24 February 2020

“The 2017/2018 wildfire disasters across the Southern Cape region has had a profound impact on the way landowners now have to manage what grows on their land,” says Cobus Meiring of the Southern Cape Landowners Initiative (SCLI).

According to Meiring, landowners in the Southern Cape have never been strangers to the impact of wildfire, but up until the Knysna disaster of 2017, the threat of invasive alien plants as a catalyst and fuel source for run-away fires have been grossly underestimated and mostly ignored.

“Propelled by an exceptionally strong wind riding the back of a dry, hot autumn, and burning unbridled through a landscape littered with dense stands of invasive alien plants, the 2017 Knysna wildfire turned out to be one of the worst natural disasters in recorded African history, causing several human casualties and billions of rand in damages to regional biodiversity, property and infrastructure.”

“Since then, and enhanced by the 2018 Outeniqua fires – which destroyed close to 200 000 hectares in a matter of days – the way landowners have to manage their land in the region has changed irreversibly,” says Meiring.

“Gone are the days of allowing vast stretches of private property being overrun by Rooikrans, wattles and blue gum, and gone are the days of living abroad and leaving land unattended, posing a clear threat to neighbouring farms, homesteads and public infrastructure.”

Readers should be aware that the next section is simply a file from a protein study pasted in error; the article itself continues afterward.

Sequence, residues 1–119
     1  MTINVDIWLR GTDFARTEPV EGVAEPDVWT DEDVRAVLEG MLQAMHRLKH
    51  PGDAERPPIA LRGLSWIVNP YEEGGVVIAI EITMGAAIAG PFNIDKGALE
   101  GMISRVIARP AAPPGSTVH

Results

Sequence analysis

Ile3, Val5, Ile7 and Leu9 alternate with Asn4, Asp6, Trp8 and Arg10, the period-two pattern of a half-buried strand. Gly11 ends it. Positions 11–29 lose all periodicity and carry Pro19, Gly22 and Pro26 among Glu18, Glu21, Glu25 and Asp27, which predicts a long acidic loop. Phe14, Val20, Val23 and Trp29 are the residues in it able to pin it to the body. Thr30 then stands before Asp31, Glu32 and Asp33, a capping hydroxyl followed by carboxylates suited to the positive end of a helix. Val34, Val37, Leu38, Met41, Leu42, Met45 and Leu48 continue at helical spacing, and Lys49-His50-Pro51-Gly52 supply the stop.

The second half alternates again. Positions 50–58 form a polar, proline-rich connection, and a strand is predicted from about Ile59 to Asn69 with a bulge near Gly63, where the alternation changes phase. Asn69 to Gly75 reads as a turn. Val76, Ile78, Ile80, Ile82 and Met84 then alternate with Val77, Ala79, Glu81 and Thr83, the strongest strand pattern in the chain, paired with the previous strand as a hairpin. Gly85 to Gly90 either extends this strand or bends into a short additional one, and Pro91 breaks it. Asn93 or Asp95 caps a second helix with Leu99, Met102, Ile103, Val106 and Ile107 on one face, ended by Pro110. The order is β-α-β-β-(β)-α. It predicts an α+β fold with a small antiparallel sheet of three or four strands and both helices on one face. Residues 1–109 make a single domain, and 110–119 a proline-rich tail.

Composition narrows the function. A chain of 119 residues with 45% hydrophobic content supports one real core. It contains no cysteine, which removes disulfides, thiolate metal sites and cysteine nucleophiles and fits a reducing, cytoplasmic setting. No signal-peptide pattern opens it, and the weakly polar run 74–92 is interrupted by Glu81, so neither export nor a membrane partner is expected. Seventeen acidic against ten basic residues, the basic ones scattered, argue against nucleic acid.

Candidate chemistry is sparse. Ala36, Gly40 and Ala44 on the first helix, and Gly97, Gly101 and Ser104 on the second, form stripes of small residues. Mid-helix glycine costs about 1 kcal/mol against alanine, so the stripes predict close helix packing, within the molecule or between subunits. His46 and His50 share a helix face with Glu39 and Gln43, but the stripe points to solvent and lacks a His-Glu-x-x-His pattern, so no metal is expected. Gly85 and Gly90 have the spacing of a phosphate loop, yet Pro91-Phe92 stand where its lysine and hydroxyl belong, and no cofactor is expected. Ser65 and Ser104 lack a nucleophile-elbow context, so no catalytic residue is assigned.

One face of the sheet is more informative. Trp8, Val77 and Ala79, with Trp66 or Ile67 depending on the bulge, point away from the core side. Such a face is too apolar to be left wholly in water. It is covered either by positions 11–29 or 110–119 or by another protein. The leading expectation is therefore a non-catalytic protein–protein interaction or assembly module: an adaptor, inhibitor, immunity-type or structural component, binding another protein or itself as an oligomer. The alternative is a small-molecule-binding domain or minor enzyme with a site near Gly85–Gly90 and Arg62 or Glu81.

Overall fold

In order to assist regional landowners, in particular those affected by the wildfire and now finding themselves badly affected by aggressive and almost irreversible regrowth of invasive alien plants, SCLI is hosting a training workshop on invasive alien plant management for landowners in the Brenton, Knysna, Plettenberg Bay, Goukamma and Rheenendal areas.

The training workshop will be facilitated by SCLI in the Brenton-on-Sea community hall on Thursday 19 March followed by a practical session.

For more information, landowners who are interested in attending the workshop can contact the SCLI Secretariat directly via email: marti.kirstein@gmail.com

Since the 2017 Knysna wildfire disaster, the way regional landowners and land managers have to manage what grows on their land has changed irreversibly.

 

 

 

 

 

 

 

 

 

 

 

** The Southern Cape Landowners Initiative (SCLI) is a public platform and think tank for landowners and land managers with an interest in invasive alien plant management, water stewardship and land management. SCLI is supported by the Table Mountain Fund (TMF), a subsidiary of WWF SA. SCLI also manages the Secretariat of the Garden Route Environmental Forum (GREF).

Written by Marti Kirstein